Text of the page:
‘Tears do not make truth', says Weinstein lawyer in closing argument

The fallen movie mogul is charged with raping and sexually assaulting two women and committing sexual battery against two others.

A lawyer for Harvey Weinstein at his Los Angeles rape and sexual assault trial has told jurors that the prosecution case relies entirely on asking them to trust women whose evidence showed they were untrustworthy.

“’Take my word for it’,” Alan Jackson told jurors in his closing argument. “Five words that sum up the entirety of the prosecution’s case.”

Everything else prosecutors presented, through a month of evidence from 44 witnesses, “was smoke and mirrors”, he added.

Weinstein is charged with raping and sexually assaulting two women and committing sexual battery against two others.

Mr Jackson urged jurors to look past the drama and emotion of the testimony of the four women, and focus on the factual evidence.

He said jurors were being asked to “believe us because we’re mad, believe us because we cried”, adding: “Well fury does not make fact. And tears do not make truth.”

Mr Jackson said the stories of two women who Weinstein allegedly sexually assaulted on consecutive days in 2013 “simply never happened”.

Weinstein’s alleged rape and assault of the other two women in 2005 and 2010 were “100% consensual” encounters that the women engaged in for the sake of career advancement that they later became “desperate to relabel” as non-consensual, the defence lawyer said.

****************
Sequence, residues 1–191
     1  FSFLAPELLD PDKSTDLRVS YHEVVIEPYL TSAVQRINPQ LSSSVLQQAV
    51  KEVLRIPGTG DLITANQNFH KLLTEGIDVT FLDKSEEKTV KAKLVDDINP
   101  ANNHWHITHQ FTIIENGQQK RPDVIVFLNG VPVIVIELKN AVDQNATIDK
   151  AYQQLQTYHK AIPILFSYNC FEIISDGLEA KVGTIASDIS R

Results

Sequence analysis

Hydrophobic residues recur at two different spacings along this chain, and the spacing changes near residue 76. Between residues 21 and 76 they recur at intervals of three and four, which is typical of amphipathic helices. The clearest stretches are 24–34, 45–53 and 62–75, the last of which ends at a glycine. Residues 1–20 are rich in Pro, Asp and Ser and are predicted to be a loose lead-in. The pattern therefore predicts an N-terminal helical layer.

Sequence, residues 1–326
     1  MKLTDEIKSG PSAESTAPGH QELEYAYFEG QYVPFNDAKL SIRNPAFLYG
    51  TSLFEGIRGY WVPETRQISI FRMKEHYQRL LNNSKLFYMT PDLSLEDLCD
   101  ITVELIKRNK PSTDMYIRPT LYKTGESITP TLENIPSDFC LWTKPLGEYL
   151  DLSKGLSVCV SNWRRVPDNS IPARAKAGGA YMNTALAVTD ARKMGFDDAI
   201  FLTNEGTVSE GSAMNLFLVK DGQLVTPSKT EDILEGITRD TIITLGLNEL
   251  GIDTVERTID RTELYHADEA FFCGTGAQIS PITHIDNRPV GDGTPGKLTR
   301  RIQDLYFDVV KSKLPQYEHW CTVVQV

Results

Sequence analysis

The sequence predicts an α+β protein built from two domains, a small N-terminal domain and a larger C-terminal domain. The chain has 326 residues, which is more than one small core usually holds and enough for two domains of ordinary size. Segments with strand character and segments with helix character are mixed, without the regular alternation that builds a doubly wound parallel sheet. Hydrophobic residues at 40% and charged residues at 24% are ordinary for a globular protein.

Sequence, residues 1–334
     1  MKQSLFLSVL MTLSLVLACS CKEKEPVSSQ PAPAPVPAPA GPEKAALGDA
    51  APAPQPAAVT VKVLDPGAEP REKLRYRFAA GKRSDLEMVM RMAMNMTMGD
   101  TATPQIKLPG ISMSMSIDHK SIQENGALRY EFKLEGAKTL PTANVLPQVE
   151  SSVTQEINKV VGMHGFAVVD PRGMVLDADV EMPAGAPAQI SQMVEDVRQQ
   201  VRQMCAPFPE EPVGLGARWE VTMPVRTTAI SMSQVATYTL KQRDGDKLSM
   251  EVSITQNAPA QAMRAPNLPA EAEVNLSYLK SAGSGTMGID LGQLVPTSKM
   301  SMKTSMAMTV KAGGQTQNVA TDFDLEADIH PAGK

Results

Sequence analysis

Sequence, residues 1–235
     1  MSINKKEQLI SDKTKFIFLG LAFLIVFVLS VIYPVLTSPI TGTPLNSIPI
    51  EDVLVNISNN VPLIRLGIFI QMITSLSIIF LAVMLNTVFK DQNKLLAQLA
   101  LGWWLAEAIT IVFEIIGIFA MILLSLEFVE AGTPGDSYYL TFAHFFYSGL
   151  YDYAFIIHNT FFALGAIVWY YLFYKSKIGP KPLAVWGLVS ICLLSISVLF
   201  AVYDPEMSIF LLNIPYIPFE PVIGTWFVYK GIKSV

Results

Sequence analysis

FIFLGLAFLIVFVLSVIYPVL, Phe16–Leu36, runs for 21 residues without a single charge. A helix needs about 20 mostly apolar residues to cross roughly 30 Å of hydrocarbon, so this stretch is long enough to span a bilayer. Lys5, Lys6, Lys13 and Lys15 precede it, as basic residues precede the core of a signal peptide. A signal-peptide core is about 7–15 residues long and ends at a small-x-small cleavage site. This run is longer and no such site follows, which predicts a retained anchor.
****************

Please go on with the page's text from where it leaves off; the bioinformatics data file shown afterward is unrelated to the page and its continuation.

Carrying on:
“These were women with whom Harvey had transactional relationships and transactional sex,” he said.

Mr Jackson argued that the women were willing to exchange sex for favours or status when the incidents happened in 2005 and 2010, but after the MeToo explosion around Weinstein with stories in the New York Times and the New Yorker in 2017, they were regretful.

“They played the game. They hate it now, unequivocally,” he said. “But what about then? What about before the 2017 dogpile started on Mr Weinstein?”

He dwelled on a judge’s instruction he said was essential, that if jurors found that any significant thing a witness said was untrue, they should consider disbelieving everything the witness said.

The defence is set to finish its closing argument later, and after the prosecutor’s rebuttal, jurors will begin deliberations.

Weinstein is already serving a 23-year sentence for a conviction in New York.

Prosecutors completed their closing argument earlier on Thursday after giving most of it on Wednesday, and urged jurors to complete Weinstein’s fall from grace by convicting him in California.

“It is time for the defendant’s reign of terror to end,” deputy district attorney Marlene Martinez said. “It is time for the kingmaker to be brought to justice.”